H. T. Lowe-Porter

H. T. Lowe-Porter

Helen Tracy Lowe-Porter (born Helen Tracy Porter, 1877, Pennsylvania; died 1963, Princeton, New Jersey) was an American translator, most celebrated for her translations of the works of Thomas Mann.

Helen Porter was the daughter of Clara Holcombe and Henry Clinton Porter. She was the niece of Charlotte Endymion Porter, a well-known literary figure of the day. She married the paleographer Elias Avery Lowe in 1911, and took the married name of Lowe-Porter. The couple lived in Oxford; after 1937, their residence was in Princeton, New Jersey. One of their daughters, Frances, was the maternal grandmother of London Mayor Boris Johnson.

Lowe-Porter was the translator who for more than twenty years enjoyed the exclusive rights to translate the works of Thomas Mann from German into English. She was appointed in this capacity by Mann's American publisher, Alfred A. Knopf, in 1925.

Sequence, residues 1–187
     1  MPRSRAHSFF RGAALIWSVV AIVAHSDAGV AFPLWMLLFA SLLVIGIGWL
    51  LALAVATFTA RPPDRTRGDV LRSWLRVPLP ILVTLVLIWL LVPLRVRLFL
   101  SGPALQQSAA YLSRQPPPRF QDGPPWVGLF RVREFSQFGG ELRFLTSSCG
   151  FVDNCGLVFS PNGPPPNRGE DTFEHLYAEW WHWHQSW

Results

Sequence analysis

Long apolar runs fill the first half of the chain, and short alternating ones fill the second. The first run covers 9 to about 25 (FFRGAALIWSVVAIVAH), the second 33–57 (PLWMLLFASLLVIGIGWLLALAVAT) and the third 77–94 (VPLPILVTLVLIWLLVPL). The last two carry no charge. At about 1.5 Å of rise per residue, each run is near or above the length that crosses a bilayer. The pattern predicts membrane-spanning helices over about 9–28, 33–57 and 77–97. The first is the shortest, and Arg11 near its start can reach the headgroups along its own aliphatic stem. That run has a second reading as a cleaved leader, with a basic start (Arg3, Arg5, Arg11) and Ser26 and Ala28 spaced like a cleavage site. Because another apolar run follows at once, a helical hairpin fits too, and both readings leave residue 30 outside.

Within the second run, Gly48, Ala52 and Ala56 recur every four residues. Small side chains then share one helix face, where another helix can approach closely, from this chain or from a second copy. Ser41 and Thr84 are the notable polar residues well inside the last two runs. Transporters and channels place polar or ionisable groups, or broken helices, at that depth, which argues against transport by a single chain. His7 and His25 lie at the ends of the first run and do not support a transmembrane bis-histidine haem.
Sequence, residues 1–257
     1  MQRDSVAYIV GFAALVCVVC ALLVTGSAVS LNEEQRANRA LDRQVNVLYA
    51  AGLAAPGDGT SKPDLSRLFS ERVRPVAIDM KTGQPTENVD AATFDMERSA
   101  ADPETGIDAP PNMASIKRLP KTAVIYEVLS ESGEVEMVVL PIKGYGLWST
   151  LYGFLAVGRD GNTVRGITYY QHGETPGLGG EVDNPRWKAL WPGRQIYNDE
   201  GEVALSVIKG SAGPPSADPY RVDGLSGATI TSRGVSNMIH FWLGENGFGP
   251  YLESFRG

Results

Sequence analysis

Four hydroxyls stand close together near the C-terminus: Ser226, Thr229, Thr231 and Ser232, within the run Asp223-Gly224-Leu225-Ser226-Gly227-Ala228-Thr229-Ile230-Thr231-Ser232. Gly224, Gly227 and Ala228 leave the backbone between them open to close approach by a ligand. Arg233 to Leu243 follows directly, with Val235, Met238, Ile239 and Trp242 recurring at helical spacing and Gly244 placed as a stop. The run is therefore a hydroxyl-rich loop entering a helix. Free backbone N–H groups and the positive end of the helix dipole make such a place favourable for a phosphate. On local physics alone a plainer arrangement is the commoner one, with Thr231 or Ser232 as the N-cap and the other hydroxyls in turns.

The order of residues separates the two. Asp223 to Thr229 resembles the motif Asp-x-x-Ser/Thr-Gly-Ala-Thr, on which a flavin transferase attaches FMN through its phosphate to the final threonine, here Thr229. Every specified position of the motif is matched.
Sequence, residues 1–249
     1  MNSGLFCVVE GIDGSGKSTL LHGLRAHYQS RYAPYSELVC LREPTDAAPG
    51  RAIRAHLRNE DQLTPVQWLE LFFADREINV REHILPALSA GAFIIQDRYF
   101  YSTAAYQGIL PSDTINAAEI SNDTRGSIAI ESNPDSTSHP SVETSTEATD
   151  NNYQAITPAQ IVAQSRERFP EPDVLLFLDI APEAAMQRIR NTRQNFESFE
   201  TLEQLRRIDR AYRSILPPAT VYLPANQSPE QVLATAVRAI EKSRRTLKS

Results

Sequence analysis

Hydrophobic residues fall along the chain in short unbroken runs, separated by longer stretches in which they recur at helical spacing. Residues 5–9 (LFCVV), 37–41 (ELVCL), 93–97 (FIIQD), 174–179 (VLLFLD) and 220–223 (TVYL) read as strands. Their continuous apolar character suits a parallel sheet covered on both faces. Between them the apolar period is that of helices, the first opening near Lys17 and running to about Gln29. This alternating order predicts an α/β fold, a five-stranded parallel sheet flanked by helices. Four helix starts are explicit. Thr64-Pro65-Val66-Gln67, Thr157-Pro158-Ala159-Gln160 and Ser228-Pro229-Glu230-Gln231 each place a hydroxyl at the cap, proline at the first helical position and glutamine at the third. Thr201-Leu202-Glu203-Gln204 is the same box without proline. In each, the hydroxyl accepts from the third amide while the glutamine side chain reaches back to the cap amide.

In her essay "On Translating Thomas Mann", Lowe-Porter said it is not so important that the translator be a great scholar of the foreign language, as few literary practitioners are really and truly bilingual, but that it is very important indeed that he/she be a master of the resources and subtleties of his/her own. She also said, in her note to her translation of Der Zauberberg (The Magic Mountain):

"The violet has to be cast into the crucible....The organic work of art must be remoulded in another tongue....Since in the creative act word and thought are indivisible, the task is one before which artists shrink and logical minds recoil."

In addition to her translations, Lowe-Porter wrote an original play, Abdication, which received its first production in Dublin in September 1948.

Read more about H. T. Lowe-Porter:  Thomas Mann Translations, Critical Reaction